On to the Pro race! At noon when it's probably about 95 degrees, but at least there was some wind. The field seemed to have about 100 guys in it, and the announcer was all giddy announcing this person and that person, Olympics this, Bissel that, Jackie Simes, GS Mengoni, an elite team from New Zealand.. all the things which might make a lesser rider want to shit his pants, the announcer was gushing. Immediately this 60 minute race is strung out single file. Your hero is tail gunning the first few laps, but slowly, surely, moving up. Every lap gaining a few positions. After about 30 minutes of very painful and fast racing, I have moved up through about 1/3 of the field. I'm hurting though- on the edge. I can really feel that last race in my legs. With extreme caution I'm metering out the effort so as not to waste a single watt. We're in the 44th minute, maybe it's lap 21 or 22.. two bikes in front of me look like they hit a patch of ice- these guys are sleeping on their right side tonight, that's for damn sure. This happens on my watch, right in front of me as I begin to lean. I'm prepared to bunny hop one of these guys, or one of their bikes, but they are sliding uncontrollably. It takes a split second to correctly predict their direction and pick a line, but not without grabbing two handfuls of brakes. I do not stop, but if I had to go much slower I may have had to put a foot down. I'm in the drops immediately, chasing an accelerating field. A few guys are tagged onto my wheel and for a second it looks like we can make it across.. so close. Then I come to my senses. I decide to go for a free lap. I'm the 2nd to arrive at the pit, and within 30 seconds another 10 people line up behind me. The announcer doesn't miss his opportunity to point out that since we were caught behind the crash, we were probably on the verge of being dropped anyway. Grrr. I was feeling fine and had every intention and ability to finish this one, dead last or otherwise. The field goes by and we all sprint to get back in the field before the first corner. I'm suddenly not feeling so good. Turn 2 goes by, the back straight has me cross-eyed. Turn 3 and 4 my teeth are clenched. (Indeed I had plenty of water this time) We're back on the finish straight and the announcer calls out that we're 48 minutes into our event. Twelve more minutes plus three laps, probably nine laps total. Speed is insane. I make it past the start finish and I'm all arms and legs, humping the bike to garner every last bit of speed. After turn one, I cut to the left side and wave everyone past me. Put a fork in me, I'm done. So close.. to.. the finish. That 1/2 lap of chasing after the crash took me deep into the red and no chance of recovering enough to hold the speed. From the sidewalk, I observed the last few laps of the race- some insane speeds. I watched the break of ten guys go past when the bell rang one to go, and they were blown apart completely when they arrived at the finish. The break didn't form until after I was popped- I bet it slowed down some right after I sat up. Such is bike racing I guess. I hate DNFs!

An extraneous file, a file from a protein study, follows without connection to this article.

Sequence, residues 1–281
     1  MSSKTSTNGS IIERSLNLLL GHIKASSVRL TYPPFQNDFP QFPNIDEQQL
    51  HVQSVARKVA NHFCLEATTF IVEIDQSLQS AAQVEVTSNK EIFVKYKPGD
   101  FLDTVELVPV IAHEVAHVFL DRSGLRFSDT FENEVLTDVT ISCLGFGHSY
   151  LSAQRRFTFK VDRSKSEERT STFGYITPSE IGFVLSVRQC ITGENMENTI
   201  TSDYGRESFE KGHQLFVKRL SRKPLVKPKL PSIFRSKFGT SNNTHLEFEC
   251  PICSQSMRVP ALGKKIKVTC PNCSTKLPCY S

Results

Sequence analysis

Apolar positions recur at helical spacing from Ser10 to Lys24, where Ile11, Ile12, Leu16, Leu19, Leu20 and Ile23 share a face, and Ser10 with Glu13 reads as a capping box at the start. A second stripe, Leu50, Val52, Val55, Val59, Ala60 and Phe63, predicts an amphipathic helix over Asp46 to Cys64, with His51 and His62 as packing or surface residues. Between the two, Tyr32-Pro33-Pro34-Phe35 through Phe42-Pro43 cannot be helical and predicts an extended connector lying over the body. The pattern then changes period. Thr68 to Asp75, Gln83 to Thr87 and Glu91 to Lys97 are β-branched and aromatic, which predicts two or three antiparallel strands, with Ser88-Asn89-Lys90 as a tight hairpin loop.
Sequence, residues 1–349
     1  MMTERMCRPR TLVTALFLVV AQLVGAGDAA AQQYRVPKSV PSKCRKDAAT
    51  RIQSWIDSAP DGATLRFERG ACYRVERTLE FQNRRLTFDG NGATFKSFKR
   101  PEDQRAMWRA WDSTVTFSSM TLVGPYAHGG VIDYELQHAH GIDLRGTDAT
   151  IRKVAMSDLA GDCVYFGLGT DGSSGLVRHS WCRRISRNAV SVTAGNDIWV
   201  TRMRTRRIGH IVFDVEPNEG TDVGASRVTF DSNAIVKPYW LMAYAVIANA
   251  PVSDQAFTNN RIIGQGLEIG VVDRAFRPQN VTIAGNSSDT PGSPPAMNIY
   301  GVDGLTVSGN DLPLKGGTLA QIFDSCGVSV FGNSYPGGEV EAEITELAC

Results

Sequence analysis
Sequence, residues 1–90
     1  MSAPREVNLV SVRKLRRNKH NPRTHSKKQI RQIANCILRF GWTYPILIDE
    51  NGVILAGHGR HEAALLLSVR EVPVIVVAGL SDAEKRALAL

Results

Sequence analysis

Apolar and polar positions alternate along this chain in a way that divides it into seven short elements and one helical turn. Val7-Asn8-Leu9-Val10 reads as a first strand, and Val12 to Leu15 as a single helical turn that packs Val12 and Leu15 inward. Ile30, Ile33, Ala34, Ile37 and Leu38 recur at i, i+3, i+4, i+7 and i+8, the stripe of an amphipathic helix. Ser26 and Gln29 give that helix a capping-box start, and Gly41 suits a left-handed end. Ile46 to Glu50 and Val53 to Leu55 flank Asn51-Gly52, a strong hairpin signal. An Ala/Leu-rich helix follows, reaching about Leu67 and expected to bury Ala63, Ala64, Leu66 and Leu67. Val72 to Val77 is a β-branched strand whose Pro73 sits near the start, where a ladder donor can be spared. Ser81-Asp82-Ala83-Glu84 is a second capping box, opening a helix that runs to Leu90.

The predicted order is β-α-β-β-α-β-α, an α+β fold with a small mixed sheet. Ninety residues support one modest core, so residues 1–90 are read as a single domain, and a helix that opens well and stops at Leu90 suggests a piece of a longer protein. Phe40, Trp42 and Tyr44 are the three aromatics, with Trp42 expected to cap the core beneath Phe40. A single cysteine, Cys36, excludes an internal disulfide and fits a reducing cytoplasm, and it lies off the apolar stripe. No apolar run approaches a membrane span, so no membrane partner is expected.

It was a long drive home. Well, it should have only taken 3 hours but the approach to the George Washington Bridge was such that I went 4 miles in the span of 2 hours. Then more delays on I-95 passing through Manhattan and the Bronx. My trip home took 6-1/2 hours. If I had any idea how fucked up the GW bridge traffic is, i would have gladly driven 1 hourt out of my way to take the Tappan Zee Bridge, which is how I got to Cresskill in the first place. Who expects to be in line for 2-1/2 hours to cross a bridge? $8 fucking dollars to cross the GW? Never again. As I said to others already, I would sooner drive a knitting needle through my eyeball and into my brain before crossing that pig of a bridge again.
I kind of went out of my way to make this a good report for you, so I hope you enjoyed reading it. Thanks for reading it if you got this far! Here's the results of the 35+ and Pros: